This article juxtaposes theoretical notions concerning the relationship between migrant remittances and socio-economic inequality with an anthropological case study of remittances in Cape Verde. Contemporary theorizing involves, firstly, the idea that remittances do not benefit the poorest; secondly, the conclusion that the impact of remittances changes over time; thirdly, the notion that family structure influences the distribution of remittances; and fourthly the proposition that remittances have a stronger impact on social stratification when linked to the return of a migrant. The primary aim of the article is to use these theoretical notions as entry-points for analysing how remittances interplay with patterns of inequality in Cape Verde. A second aim is to examine the explanatory power of the theories through applying them to this specific case.

The article demonstrates that remittances in some cases benefit the poorest in Cape Verde and that this has to do with the long history of migration, which means that nearly everyone, irrespective of class, has a close relative abroad. It also shows that Cape Verdeans generally receive quite small amounts of money, which implies that they are seldom able to improve their economic situation in a more substantial way.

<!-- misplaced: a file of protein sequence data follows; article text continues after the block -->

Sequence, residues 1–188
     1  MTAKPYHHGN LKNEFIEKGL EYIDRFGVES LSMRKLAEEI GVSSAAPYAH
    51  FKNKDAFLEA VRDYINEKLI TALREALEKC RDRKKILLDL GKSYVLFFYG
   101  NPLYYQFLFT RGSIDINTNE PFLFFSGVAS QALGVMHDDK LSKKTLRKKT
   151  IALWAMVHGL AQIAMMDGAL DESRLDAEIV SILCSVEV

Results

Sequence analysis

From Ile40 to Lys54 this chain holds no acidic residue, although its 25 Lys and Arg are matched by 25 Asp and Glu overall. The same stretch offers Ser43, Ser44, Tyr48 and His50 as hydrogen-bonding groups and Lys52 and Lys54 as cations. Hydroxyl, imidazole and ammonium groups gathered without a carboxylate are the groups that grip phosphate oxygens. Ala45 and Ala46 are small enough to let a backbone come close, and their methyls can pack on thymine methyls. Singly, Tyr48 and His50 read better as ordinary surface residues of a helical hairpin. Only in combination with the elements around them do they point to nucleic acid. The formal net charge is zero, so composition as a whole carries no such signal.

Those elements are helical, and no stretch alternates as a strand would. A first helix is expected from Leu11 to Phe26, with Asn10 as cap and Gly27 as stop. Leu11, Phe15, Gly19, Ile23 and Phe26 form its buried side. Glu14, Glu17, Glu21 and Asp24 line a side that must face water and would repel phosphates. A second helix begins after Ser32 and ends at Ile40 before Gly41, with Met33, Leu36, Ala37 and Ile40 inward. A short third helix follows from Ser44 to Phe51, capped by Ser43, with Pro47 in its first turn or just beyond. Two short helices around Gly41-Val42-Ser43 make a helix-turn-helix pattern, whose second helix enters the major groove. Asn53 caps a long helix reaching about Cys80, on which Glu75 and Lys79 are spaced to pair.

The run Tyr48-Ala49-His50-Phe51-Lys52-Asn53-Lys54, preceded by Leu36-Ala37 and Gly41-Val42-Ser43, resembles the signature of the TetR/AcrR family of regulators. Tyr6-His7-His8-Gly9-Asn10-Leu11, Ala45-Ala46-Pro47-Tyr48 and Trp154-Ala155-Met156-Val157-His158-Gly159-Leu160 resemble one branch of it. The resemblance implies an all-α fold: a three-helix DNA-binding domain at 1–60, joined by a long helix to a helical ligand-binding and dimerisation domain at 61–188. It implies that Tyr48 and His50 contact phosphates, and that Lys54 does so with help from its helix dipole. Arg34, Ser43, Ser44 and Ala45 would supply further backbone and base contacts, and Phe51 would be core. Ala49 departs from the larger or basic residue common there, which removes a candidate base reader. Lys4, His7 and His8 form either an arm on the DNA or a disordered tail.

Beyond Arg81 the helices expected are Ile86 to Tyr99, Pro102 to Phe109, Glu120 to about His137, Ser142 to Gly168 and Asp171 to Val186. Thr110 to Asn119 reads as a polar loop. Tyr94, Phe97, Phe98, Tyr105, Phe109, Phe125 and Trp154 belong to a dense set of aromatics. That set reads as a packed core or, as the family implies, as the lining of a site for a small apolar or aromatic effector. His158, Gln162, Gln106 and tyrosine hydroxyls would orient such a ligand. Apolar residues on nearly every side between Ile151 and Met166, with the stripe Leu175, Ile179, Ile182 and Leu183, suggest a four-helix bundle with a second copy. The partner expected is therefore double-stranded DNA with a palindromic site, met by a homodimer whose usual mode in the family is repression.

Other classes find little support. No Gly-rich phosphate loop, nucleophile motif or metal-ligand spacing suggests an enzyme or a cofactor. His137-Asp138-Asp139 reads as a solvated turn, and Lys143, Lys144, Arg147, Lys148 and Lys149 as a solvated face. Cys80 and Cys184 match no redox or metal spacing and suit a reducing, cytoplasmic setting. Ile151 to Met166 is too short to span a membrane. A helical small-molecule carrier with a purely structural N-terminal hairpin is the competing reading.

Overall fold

In conclusion, the article contends that in order to fully appreciate the complex relationship between remittances and socio-economic inequality it is necessary to take into account the importance of other sources of income. Moreover, it argues that the contemporary restrictive immigration regimes in receiving countries have a fundamental impact on the socio-economic distribution of remittances. In studies of the relationship between remittances and inequality, this is an aspect that has been left out. Instead, theorizing tends to focus on factors that are internal to the countries of origin, and on the migrants' links to these countries.